The easy to grow Campanula portenschlagiana has self seeded nicely in a shady curve in our planted alpine rock wall along the foundation of the greenhouse.
A new plant for me, I carelessly, lost the tag on this white Campanula on purpose ( I hate white tags in troughs, and felt that no tag was better than even one of my black ones. Perhaps this is C. "Hilltop Snow? Or C. alpina? It's a plant from Mont Echo Alpines...any ideas? These new troughs are currently planted on the shady side of the house, but once our new deck is finished, I think I will be relocating them to the Eastern exposure, where they can receive at least a bit of sun.
Common? yes. Lovely? yes. campanula glomerata, a species from France is contributing it's very Campanulacious blue to the Blue and Gold garden this year. I really don't care if it spreads!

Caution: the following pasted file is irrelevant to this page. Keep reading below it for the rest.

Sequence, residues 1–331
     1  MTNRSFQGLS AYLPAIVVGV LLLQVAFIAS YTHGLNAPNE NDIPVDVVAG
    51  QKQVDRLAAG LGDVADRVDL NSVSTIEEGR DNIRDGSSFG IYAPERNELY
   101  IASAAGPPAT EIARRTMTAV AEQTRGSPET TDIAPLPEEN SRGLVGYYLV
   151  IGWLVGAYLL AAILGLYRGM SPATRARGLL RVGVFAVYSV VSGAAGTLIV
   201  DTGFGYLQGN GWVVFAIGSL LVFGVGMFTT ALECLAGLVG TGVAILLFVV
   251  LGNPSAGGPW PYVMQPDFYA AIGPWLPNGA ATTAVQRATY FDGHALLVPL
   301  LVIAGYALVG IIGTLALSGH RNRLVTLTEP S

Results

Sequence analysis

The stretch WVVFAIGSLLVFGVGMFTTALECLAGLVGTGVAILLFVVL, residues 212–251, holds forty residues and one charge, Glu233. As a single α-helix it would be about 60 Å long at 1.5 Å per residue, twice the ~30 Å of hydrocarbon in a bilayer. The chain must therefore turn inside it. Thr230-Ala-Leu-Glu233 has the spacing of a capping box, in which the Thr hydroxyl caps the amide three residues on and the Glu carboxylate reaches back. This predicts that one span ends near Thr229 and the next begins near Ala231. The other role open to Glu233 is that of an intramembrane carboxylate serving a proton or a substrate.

The Cala Lilies we're moved to the fish pond last weekend, This heavy pot is large, as is this cultivar. If kept wet, it should continue to send up it's 6 foot stems all summer. In the fall, it returns to the cold greenhouse.
Home grown lettuce and organic greens are extraordinary This red lettuce is OK, but the real gem is the Lollo green head behind it. The seeds may cost nearly $2.00 each, but the cultivar is supreme, and of a quality found in the finest New York restaurants.
French Radishes are tasty, and although not very perfect, I admit I didn't fuss with them this year. Still, they are organic, and delicious, even when over grown by a few weeks like these. My mother would make a Lithuanian soup with these greens, along with Sorrel, Pork or Duck Cracklin's, wild mushrooms and potato.